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  4. Cucumbor

    Cucumbor Dombes collector Supporter

    Nice score !

    The first realistic portrait of the period in what is now France wasn't a royal coin (they would appear 25 years later on a Louis XII teston), but a feudal coin minted in Dombes for Jean II de Bourbon

    Jean II de Bourbon, Duc de Bourbon (1456-1488), Franc à cheval
    Atelier de Trévoux
    +IONES*DVX*BORBONI*TREVOBCII׃DNS. Buste cuirassé du Prince à gauche, portant le collier de l'ordre de St Michel.
    DEXTER A*D NI.*EXAL TAVIT*MEA Le Prince casqué et cuirassé à cheval, brandissant une épée et passant à droite. La housse est semée de lis, accompagnée de la brisure (les armes de la maison de Bourbon).
    22 mm - 3,44 gr.
    Ref : Divo Dombes # 1 (5 exemplaires decrits), Mantellier -, Poey d’Avant -, Friedberg # 119

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  5. ycon

    ycon Renaissance Man

    Oh yes! I knew that but had forgotten. Is that one yours? Amazing...
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  6. Cucumbor

    Cucumbor Dombes collector Supporter

    It is indeed

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  7. DonnaML

    DonnaML Supporter! Supporter

    I think it would be a mistake to conclude that realistic numismatic portraiture in Italy began with the coins you mention, minted in the 1460s, without taking into account the famous medallic portaiture of the great Renaissance artist and medallist Antonio Pisanello, beginning in the 1430s. See; The former wouldn't have existed without the latter.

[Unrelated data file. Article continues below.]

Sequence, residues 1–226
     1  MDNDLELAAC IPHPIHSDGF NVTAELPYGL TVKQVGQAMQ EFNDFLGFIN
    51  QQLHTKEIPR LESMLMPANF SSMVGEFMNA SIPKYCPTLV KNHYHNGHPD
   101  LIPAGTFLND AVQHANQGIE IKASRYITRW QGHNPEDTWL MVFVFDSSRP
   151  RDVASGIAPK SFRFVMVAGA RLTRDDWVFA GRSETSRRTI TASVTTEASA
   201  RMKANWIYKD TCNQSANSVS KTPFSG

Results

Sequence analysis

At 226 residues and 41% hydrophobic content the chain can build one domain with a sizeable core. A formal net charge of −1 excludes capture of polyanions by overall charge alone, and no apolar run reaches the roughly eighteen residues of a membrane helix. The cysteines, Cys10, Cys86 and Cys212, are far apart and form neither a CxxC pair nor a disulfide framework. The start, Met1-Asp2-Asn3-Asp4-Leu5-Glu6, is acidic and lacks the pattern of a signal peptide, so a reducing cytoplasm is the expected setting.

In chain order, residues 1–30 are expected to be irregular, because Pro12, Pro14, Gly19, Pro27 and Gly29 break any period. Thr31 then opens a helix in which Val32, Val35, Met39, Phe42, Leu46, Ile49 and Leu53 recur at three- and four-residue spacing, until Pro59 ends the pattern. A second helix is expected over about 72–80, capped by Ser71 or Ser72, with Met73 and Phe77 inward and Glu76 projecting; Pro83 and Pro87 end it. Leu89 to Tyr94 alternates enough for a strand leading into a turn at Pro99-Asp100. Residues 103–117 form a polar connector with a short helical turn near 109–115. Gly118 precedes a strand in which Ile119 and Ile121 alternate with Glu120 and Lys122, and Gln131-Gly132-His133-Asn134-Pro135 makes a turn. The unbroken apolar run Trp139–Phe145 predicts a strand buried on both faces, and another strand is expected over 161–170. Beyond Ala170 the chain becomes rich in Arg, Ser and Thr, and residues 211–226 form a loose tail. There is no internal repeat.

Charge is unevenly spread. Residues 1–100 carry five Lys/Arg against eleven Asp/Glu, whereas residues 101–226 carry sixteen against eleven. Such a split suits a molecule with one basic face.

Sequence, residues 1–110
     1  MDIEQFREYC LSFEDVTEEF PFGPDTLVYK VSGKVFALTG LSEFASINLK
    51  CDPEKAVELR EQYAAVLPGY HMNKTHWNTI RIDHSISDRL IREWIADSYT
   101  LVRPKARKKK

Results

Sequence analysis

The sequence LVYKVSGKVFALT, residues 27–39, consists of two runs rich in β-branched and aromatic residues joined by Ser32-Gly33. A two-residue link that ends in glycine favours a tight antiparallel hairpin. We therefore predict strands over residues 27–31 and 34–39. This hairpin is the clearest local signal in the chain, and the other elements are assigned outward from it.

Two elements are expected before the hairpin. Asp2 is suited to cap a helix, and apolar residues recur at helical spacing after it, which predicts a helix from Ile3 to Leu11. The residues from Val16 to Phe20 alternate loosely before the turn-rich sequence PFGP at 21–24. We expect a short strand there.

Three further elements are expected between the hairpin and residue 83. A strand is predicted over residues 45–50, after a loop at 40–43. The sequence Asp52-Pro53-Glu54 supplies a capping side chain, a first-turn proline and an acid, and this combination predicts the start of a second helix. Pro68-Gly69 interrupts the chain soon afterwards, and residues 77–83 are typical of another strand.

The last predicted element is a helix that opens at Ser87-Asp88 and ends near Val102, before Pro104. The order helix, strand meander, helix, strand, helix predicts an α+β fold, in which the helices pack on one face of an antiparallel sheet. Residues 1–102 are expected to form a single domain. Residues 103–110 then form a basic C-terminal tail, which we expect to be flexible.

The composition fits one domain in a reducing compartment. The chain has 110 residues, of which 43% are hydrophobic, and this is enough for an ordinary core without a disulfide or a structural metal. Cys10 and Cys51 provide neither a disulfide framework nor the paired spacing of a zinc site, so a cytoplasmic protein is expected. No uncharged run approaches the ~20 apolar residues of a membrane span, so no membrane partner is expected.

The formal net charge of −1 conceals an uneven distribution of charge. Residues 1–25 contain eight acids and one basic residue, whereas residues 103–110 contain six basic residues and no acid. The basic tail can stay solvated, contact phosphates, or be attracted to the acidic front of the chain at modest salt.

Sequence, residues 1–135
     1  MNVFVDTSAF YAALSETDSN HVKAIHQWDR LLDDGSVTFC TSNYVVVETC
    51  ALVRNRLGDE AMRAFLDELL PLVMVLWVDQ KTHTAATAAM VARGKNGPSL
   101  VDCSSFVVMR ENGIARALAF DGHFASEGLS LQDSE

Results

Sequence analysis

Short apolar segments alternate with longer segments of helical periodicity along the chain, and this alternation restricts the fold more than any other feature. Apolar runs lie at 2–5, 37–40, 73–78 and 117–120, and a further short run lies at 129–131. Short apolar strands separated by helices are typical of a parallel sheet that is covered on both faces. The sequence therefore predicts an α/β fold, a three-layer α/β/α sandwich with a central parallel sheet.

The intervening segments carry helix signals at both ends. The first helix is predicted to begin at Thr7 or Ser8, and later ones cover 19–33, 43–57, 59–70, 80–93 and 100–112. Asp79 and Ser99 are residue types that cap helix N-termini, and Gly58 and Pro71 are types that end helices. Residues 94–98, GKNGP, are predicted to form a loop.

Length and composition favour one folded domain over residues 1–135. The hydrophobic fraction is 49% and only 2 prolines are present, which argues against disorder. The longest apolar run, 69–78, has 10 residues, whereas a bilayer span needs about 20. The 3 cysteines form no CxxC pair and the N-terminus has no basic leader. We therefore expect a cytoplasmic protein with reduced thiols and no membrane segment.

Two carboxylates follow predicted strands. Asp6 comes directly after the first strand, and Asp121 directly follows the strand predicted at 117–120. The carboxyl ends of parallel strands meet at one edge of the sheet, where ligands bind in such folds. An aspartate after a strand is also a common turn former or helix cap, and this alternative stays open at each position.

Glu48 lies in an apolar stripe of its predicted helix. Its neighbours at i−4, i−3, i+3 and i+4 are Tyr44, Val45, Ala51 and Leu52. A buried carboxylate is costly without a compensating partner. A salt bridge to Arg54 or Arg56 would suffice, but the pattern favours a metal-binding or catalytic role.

In England, I can't think of any realistic portraits before the profile coins of Henry VII.
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  8. ycon

    ycon Renaissance Man

    @DonnaML You won’t find any disagreement from me. The works of Pisanello were hugely influential on the development of Renaissance coinage in Italy. One could, of course, trace the development of Renaissance sculpture father back still— say to the work of Nicola and Giovanni Pisano in Pisa—but what I’m specifically interested in in this post is the moment(s) when those changes began to actually manifest in coinage— especially since in many cases they can be tied to very specific issues.
    DonnaML likes this.
  9. DonnaML

    DonnaML Supporter! Supporter

    I get it. It's just that whereas sculpture and painting may be several steps from realistic portraiture on circulating coinage, medallic portaiture lies only about half a step from it!
  10. ycon

    ycon Renaissance Man

    Again, I don’t disagree. But the topic of Renaissance medals is very well written about, and I’ve found that it’s much harder to find information and literature (in English anyway) on the development of Renaissance coinage… hence my appeal to the collective knowledge here.
    DonnaML likes this.